Re: Which Flute?

Yea you can only go so far by adjusting the headjoint, maybe a quarter of a tone or something (ive never actually measured it), but you will defo need more scope, depending on the climate, the room temperture… oh and how long the set of tunes lasts.

I mean if there was no need for them flute makers wouldn’t have been making them for hundreds of years…. (from the days of Quantz actually… la de da).
K

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Re: Which Flute?

Doyle - my daughter has not had a single problem with her keyless and she has had it for several years.
O’Brien - cannot say. No experience with him.
Although I hear that Hamilton keyless are making a strong push right now.

Re: Which Flute?

Have you looked into Delrin flutes yet? They sound good, there’s next to no maintenance, and it never goes out of tune. Many people, though, will say that they prefer wood over delrin, and they say that it sounds better, but other people can’t really tell the difference. Also, I would look into Dave Copley’s flutes. He makes both wooden and delrin flutes, they’re really good quality for the price, and the waiting list is fairly short right now. Plus, I know Dave personally, and can say that he is a great guy, strives for costumer satisfaction, and will do his best to make the flute fit the player. But, whoever you get your flute from, I wish you luck.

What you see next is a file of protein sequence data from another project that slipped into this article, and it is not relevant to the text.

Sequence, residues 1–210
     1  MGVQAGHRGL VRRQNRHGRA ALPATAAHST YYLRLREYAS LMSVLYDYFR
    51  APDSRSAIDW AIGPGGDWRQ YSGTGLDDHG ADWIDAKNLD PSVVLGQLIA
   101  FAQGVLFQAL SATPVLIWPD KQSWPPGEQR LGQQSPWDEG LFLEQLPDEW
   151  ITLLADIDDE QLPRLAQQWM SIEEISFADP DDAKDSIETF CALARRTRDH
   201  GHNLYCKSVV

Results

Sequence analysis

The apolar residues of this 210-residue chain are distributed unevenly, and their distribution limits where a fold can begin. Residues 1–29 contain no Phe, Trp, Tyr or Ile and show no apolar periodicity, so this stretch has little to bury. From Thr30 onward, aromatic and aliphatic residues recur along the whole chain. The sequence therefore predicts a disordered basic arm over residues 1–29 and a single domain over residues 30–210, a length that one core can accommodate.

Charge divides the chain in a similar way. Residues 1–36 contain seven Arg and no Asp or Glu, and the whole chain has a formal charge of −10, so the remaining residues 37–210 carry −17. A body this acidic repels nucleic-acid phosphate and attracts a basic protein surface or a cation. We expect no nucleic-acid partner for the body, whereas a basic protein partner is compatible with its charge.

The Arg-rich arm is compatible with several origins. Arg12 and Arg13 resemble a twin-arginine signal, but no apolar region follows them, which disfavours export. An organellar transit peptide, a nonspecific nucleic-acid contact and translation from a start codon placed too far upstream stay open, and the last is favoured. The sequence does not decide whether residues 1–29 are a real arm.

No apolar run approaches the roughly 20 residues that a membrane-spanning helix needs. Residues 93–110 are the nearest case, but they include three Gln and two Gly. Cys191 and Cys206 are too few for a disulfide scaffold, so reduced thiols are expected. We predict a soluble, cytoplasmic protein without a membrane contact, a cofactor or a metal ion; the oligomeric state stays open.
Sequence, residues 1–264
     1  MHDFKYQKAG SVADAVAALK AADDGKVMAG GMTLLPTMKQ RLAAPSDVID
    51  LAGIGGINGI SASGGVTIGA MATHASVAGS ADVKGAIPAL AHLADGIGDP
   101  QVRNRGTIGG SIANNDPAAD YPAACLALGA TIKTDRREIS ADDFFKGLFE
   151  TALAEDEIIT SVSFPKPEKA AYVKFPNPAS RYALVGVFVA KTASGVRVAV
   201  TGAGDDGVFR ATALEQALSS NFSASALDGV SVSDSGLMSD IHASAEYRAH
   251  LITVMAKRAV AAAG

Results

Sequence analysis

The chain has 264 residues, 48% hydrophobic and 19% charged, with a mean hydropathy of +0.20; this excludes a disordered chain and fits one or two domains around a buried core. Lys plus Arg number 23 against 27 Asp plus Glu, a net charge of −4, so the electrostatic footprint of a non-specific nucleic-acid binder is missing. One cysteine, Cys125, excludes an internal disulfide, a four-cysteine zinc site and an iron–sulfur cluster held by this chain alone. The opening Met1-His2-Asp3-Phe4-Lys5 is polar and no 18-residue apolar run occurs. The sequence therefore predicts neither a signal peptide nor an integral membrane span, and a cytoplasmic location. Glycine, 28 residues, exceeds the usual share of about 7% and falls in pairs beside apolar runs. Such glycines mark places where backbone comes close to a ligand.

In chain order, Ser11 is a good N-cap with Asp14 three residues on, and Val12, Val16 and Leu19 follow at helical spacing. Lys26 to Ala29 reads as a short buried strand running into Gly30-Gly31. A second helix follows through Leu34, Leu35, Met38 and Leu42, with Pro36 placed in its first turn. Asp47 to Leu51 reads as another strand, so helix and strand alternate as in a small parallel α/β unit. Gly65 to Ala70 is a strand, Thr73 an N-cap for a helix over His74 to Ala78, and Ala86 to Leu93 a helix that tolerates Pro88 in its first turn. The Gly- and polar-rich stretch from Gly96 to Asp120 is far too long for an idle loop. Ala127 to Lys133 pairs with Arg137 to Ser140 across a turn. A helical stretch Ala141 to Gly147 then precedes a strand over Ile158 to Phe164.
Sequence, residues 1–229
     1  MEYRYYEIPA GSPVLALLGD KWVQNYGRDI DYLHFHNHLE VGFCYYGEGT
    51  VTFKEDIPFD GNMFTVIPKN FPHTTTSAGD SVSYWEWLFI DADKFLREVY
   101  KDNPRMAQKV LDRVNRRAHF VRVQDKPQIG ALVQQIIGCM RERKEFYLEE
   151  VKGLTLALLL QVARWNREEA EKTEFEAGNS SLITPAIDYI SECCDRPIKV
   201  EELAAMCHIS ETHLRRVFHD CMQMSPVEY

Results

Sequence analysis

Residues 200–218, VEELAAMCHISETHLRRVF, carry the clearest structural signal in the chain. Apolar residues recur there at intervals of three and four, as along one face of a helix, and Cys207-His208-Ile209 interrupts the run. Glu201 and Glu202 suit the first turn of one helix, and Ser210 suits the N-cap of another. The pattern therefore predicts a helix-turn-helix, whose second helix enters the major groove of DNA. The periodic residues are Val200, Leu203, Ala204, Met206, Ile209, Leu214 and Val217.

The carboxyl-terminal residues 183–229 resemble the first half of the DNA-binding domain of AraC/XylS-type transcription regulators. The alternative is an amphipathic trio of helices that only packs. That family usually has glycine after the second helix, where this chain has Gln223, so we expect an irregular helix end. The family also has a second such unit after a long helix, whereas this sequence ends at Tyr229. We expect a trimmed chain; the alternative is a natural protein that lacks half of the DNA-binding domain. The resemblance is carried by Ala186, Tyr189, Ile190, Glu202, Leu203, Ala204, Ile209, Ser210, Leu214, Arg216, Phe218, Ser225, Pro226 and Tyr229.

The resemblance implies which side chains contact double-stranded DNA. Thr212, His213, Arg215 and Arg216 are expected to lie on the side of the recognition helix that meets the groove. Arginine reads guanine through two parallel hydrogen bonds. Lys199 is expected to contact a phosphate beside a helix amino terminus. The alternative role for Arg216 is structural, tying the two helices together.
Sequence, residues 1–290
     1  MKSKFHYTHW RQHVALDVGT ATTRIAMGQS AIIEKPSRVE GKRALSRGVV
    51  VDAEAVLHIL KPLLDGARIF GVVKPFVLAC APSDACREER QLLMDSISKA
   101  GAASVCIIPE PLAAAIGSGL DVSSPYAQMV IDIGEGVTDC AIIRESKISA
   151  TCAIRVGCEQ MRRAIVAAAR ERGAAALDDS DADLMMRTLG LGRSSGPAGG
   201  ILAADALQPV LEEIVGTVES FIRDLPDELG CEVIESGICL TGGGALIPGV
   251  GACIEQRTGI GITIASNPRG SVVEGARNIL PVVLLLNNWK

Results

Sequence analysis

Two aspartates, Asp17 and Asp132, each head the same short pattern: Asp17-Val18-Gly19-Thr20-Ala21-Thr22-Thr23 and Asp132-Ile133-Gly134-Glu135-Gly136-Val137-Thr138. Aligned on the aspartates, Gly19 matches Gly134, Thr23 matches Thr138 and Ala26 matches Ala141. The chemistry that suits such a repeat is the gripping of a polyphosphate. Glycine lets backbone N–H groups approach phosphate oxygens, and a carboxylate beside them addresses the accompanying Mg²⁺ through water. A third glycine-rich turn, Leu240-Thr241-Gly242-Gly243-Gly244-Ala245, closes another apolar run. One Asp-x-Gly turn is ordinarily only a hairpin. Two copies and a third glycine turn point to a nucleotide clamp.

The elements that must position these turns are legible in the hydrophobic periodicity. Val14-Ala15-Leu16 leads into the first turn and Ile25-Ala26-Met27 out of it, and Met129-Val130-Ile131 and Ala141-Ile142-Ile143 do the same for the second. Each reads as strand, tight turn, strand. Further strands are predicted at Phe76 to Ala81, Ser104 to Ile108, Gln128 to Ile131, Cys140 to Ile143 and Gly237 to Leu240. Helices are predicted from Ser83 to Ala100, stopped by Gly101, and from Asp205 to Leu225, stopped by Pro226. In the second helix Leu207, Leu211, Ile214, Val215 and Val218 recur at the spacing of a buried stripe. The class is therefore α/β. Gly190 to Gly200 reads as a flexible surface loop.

Re: Which Flute?

If you loved the Doyle than buy the Doyle, simple. I never missed the slide or lining on my former unlined slideless Olwell. It went all around the world with me doing gigs in all kind of weather. I play two flutes with slides now and the slides stay in the same spot all the time unless I want to play in another pitch standard. Slides were designed to deal with changing pitch standards more so than tuning. The trick is to learn to play the flute in tune by using your embouchre not the slide. In my experience size shape and undercut of embouchre hole have more effect on a flutes tone than the lining.